Because the first clinically detectable lesion is often seen at the CEJ, the disease has also been described as feline neck lesions, cervical line lesions or feline caries. However, RLs should not be confused with dental caries. Early caries is a passive inorganic demineralization of the enamel, while odontoclastic resorption occurs as an active progressive destruction of the dental tissues by clastic cells.

Resorption of hard tissue

Hard tissues (bone, cementum, dentine) are normally protected from resorption by their surface layer of cells (Lindskog and Hammarström 1980; Verstraete et al. 1998). Root resorption is classified as:

Internal root resorption occurs when the integrity of the odontoblast layer is broached. It thus starts on the pulpal surface and extends towards the external aspect of the tooth. Internal root resorption is usually a consequence of pulpal inflammation.

External root resorption may follow any damage to the protective periodontal ligament (PDL) and cementoblast layer. It thus starts on the external root surface and progresses within the tooth. External root resorption (Andreasen 1988) is classified as:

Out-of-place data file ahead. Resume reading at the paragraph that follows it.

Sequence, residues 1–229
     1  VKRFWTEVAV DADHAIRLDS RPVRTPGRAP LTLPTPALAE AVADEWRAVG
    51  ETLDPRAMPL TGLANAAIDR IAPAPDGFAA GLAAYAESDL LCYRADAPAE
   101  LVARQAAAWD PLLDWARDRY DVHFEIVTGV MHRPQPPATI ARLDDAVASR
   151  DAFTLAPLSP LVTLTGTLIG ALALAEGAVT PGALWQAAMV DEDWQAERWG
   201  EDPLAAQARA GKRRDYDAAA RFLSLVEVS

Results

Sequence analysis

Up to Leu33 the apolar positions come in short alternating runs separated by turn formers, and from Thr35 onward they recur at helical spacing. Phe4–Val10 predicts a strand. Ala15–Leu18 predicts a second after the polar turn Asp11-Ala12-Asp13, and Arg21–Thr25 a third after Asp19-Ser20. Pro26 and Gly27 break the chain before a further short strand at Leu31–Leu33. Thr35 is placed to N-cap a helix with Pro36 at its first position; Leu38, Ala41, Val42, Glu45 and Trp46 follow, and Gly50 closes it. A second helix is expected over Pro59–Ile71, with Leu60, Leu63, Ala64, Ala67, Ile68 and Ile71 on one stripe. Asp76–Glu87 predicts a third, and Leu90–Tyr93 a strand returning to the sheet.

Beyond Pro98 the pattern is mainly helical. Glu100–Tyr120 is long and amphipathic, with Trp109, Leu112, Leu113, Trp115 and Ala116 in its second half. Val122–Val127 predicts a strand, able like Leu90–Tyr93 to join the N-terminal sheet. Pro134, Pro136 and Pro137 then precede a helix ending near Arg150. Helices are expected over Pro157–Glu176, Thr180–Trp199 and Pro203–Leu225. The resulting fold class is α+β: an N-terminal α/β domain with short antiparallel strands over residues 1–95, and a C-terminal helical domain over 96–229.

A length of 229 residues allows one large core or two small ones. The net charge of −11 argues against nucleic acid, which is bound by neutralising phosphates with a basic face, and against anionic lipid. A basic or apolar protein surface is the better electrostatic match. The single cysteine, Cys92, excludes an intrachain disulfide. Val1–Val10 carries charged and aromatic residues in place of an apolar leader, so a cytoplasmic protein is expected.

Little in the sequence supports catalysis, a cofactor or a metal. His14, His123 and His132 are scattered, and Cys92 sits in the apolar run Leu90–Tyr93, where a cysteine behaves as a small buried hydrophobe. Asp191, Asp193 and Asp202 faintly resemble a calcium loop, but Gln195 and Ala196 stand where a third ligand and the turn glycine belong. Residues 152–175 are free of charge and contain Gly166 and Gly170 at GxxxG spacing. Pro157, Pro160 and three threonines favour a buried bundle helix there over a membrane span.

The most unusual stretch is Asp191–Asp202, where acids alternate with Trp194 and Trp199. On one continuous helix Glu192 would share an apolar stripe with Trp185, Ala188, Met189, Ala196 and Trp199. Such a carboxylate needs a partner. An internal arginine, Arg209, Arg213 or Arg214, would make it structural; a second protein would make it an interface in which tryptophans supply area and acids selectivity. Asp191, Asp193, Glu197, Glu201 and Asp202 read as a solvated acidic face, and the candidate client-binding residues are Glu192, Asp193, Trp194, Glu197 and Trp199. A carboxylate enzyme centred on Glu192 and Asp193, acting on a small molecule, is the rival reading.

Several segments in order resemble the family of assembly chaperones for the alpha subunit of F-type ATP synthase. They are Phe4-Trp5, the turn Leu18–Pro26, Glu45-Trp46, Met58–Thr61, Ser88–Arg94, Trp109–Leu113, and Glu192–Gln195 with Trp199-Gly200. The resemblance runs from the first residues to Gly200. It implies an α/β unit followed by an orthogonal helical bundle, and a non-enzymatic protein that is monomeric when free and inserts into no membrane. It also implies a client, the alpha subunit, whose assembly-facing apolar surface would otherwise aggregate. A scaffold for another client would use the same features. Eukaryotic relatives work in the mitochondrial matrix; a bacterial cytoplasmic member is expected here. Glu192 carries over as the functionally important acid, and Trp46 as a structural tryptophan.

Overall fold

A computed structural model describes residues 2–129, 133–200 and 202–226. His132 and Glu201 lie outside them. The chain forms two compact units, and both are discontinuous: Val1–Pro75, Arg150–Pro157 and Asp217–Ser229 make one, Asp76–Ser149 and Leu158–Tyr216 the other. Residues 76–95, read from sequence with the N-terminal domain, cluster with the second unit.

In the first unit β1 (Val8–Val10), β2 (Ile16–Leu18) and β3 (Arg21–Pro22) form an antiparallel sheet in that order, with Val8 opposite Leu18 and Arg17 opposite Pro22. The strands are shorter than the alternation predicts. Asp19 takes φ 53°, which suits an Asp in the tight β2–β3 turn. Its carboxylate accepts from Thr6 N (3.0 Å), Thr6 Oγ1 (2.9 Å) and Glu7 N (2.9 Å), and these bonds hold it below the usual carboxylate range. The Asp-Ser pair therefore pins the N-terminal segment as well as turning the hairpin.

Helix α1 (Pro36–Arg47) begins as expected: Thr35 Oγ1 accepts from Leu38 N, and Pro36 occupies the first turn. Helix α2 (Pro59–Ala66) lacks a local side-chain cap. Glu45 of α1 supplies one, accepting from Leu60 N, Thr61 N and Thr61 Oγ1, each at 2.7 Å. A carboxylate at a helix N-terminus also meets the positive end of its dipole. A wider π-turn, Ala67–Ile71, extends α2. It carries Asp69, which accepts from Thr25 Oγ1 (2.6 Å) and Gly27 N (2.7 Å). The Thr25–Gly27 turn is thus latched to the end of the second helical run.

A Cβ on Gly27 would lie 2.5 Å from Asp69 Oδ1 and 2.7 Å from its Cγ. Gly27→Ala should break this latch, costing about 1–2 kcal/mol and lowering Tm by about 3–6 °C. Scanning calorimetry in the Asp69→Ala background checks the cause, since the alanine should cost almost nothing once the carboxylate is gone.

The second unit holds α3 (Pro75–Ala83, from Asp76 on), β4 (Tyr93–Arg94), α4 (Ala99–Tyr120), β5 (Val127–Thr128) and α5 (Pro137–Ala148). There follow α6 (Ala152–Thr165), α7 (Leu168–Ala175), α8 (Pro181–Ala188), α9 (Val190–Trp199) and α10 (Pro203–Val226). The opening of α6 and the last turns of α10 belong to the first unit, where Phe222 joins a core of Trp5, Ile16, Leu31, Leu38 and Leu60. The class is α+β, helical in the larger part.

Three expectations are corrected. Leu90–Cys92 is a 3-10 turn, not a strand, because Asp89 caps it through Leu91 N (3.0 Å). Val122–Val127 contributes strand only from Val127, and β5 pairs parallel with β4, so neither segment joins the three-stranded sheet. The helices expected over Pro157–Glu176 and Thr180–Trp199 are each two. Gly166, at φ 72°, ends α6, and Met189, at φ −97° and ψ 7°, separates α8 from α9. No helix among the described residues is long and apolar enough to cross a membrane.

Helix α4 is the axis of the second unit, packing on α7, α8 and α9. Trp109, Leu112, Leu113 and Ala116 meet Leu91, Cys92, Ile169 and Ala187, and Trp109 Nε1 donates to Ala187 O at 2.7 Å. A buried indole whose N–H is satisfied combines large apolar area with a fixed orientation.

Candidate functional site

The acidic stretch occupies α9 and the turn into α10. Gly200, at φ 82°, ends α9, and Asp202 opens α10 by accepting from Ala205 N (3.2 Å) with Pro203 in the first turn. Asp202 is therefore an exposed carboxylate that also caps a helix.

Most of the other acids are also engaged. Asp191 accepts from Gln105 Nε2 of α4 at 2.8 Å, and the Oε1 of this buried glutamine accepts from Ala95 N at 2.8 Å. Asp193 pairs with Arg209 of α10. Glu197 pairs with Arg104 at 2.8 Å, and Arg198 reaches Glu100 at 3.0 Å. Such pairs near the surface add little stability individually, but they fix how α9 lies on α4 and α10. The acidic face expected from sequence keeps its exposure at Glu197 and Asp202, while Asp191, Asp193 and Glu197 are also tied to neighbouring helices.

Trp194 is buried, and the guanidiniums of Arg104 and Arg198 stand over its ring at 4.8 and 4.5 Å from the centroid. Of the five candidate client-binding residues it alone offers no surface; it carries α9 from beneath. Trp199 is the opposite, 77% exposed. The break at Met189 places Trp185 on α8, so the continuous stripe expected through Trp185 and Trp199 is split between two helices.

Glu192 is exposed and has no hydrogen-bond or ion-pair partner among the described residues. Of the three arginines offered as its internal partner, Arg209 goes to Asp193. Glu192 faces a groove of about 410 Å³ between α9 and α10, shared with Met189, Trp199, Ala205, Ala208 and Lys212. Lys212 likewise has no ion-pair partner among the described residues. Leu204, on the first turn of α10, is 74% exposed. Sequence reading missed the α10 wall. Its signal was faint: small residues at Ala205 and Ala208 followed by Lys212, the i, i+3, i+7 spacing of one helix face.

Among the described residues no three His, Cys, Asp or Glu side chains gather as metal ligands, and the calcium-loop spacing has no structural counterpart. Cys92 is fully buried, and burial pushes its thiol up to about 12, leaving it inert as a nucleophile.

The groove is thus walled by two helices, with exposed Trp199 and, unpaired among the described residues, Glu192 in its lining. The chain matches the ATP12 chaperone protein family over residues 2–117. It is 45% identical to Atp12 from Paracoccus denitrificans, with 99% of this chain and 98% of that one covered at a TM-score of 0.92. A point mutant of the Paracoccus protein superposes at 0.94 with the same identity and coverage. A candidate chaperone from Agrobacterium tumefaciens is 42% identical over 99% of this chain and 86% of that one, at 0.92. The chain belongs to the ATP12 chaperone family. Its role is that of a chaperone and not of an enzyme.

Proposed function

Surface resorption is self-limiting and reversible. It is thought that minor trauma caused by unintentional biting on hard objects, bruxism, etc. can cause localized damage to the PDL and cementoblast layer and trigger this type of resorption. The denuded root surface attracts clastic cells, which will resorb the cementum for as long as osteoclast-activating factors are released at the site of injury – usually a few days. When the resorption stops, cells from the PDL will proliferate and populate the resorbed area resulting in deposition of reparative dental tissue (Lindskog et al. 1983, 1987). The majority of human teeth show signs of active or healed surface resorptions.